Privacy: How Will You Maintain Your Privacy?
PrivacyWho is watching your online shopping activity?
Web sellers are not (yet) required by law to maintain the privacy of people who shop and/or order from their sites. This means that sellers may collect names, addresses and information on which website pages you visit, which products you buy, when you buy them, and where you ship them. Then, the seller may share the information with other companies or sell it to them. As a result, you might get more direct-mail advertising, spam, or calls from telemarketers.
Surveys have shown that this is a major concern consumers have about electronic shopping. In response, government regulators have encouraged internet sellers to post privacy policies on their web sites.
- What information the seller is gathering about you
- How the seller will use this information; and
- Whether and how you can "opt out" of these practices
A Monitored SiteIs the web site monitored by an independent organization?
Avoiding "cookies"How can you avoid "cookies," adware and spyware?
Some web sites are programmed to insert a small filecommonly called a "cookie"-- onto the hard drive of your computer. Some cookies serve to identify you to the website and may be required to use the site. Some function to save you the trouble of re-typing various information every time you visit. Others function to keep track of what sites you visit and what things you look for on the web and may even be able to obtain your e-mail address from your visit. Marketers are interested in such information and may use it to tailor ads to send to you. Hence the name "adware" is sometimes used to describe these programs.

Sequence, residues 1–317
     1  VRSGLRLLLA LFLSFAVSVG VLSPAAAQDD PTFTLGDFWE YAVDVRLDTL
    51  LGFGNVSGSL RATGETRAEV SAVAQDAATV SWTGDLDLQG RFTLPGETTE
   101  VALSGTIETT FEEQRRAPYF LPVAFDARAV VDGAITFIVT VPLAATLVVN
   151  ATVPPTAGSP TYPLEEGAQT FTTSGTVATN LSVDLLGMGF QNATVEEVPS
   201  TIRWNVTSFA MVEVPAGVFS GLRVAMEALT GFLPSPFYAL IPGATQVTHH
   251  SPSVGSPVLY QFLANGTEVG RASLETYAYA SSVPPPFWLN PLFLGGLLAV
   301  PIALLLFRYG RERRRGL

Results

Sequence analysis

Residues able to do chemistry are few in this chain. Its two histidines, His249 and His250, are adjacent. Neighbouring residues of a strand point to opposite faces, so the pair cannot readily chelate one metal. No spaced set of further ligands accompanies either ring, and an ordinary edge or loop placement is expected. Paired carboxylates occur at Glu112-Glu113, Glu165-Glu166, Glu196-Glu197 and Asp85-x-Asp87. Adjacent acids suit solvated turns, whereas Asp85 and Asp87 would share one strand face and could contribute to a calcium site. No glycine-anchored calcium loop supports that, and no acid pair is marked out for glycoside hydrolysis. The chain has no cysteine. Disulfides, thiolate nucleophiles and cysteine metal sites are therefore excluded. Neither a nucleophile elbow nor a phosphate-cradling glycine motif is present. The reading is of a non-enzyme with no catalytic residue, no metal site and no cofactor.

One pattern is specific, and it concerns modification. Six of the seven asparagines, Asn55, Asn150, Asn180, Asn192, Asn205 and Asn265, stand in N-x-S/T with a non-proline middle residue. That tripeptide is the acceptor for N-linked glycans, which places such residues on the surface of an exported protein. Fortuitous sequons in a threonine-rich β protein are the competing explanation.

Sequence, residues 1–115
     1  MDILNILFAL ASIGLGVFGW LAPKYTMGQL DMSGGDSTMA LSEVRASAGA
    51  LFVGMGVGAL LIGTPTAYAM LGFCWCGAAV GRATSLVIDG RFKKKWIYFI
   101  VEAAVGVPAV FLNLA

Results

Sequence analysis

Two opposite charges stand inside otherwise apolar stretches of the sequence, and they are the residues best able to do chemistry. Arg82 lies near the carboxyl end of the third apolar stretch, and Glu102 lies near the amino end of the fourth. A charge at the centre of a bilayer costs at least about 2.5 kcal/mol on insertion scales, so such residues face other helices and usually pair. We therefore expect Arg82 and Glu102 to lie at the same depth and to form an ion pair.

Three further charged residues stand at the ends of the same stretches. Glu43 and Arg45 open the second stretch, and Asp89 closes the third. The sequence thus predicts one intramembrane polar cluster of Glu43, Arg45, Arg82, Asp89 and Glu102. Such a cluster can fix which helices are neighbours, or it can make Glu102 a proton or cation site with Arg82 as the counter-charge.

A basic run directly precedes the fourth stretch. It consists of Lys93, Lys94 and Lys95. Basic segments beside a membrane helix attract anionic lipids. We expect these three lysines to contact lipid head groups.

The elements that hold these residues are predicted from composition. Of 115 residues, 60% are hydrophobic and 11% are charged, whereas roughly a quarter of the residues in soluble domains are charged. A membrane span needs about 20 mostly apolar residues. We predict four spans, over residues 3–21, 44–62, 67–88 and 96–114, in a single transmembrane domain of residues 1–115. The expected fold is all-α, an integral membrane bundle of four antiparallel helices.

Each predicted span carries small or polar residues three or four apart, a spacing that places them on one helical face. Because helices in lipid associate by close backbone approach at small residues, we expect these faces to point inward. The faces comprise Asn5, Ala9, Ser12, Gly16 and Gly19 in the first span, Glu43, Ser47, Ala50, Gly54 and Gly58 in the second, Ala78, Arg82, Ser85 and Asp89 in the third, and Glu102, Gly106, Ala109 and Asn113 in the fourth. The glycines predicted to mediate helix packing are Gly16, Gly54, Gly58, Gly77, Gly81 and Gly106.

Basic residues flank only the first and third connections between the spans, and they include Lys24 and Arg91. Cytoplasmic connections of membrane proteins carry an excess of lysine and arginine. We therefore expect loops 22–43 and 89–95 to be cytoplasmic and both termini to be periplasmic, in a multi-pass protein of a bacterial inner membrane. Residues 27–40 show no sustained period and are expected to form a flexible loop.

Some programs added on to your computer when you download free programs or visit certain websites are less benign. When inserted on your computer without your permission, they are sometimes called "spyware." These programs may not only keep track of what you do on the net, they may even be used to keep track of what you type on your keyboard, including your personal information.
Here's how to avoid this:
- You can also buy software programs for your browser that will warn you of, and help you to refuse or control, attempts by web sites to deposit cookies, adware or spyware. Sometimes they are included in anti-virus packages or in security protection provided by your service provider. You may also wish to obtain "firewall" protection to cut off unwanted and unannounced intrusions.
Be AnonymousDo you want to visit a site without revealing your identity?
Visit www.anonymizer.com, then type the web address of the site into the "Anonymizer" web browser. The free Anonymizer service includes a slight delay in accessing pages; for a fee, you can access these pages with no delay. Other services, such as Tor, also offer free anonymous browsing software.
Discreet ConfirmationsAre you sure you want that confirming e-mail?
A number of commercial web sites will send you a confirmation e-mail message immediately after they receive your e-mail order. You may not want to order from those web sites if you are concerned that your employer or someone sharing your computer might see the message and the items ordered. If you're not sure of a site's confirmation policy, you could contact the site about it or order a non-controversial item first to see how the site's procedure works. If you are given the option not to receive a confirmation e-mail, you usually can print the last screen that appears in your transaction to have a record.
Your Credit CardPaying by credit card?
If you pay by using a credit card, you may be asked to choose whether to have the seller retain it on file for future orders. You might prefer not to have the credit card number kept on file, but instead to provide the card number again each time. The website may also allow you to choose to complete all of your order information on the web and telephone in your credit card number. Click on payment for more information on credit cards.